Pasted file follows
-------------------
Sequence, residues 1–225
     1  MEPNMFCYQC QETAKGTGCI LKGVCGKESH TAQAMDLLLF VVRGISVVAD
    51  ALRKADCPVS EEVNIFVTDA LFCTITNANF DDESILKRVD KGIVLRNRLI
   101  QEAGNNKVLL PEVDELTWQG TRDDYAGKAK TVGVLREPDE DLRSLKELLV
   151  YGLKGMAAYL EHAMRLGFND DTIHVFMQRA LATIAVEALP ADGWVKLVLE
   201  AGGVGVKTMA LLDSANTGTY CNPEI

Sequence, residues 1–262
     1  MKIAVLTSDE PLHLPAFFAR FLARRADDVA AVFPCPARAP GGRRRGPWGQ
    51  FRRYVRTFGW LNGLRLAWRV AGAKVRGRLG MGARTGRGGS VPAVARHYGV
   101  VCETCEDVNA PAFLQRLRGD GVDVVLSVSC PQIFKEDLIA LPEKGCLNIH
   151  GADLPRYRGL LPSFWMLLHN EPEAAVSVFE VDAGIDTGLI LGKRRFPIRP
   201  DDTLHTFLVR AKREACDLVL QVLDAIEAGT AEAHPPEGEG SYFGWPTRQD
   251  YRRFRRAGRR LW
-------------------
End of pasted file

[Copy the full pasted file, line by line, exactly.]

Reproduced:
Sequence, residues 1–225
     1  MEPNMFCYQC QETAKGTGCI LKGVCGKESH TAQAMDLLLF VVRGISVVAD
    51  ALRKADCPVS EEVNIFVTDA LFCTITNANF DDESILKRVD KGIVLRNRLI
   101  QEAGNNKVLL PEVDELTWQG TRDDYAGKAK TVGVLREPDE DLRSLKELLV
   151  YGLKGMAAYL EHAMRLGFND DTIHVFMQRA LATIAVEALP ADGWVKLVLE
   201  AGGVGVKTMA LLDSANTGTY CNPEI

Sequence, residues 1–262
     1  MKIAVLTSDE PLHLPAFFAR FLARRADDVA AVFPCPARAP GGRRRGPWGQ
    51  FRRYVRTFGW LNGLRLAWRV AGAKVRGRLG MGARTGRGGS VPAVARHYGV
   101  VCETCEDVNA PAFLQRLRGD GVDVVLSVSC PQIFKEDLIA LPEKGCLNIH
   151  GADLPRYRGL LPSFWMLLHN EPEAAVSVFE VDAGIDTGLI LGKRRFPIRP
   201  DDTLHTFLVR AKREACDLVL QVLDAIEAGT AEAHPPEGEG SYFGWPTRQD
   251  YRRFRRAGRR LW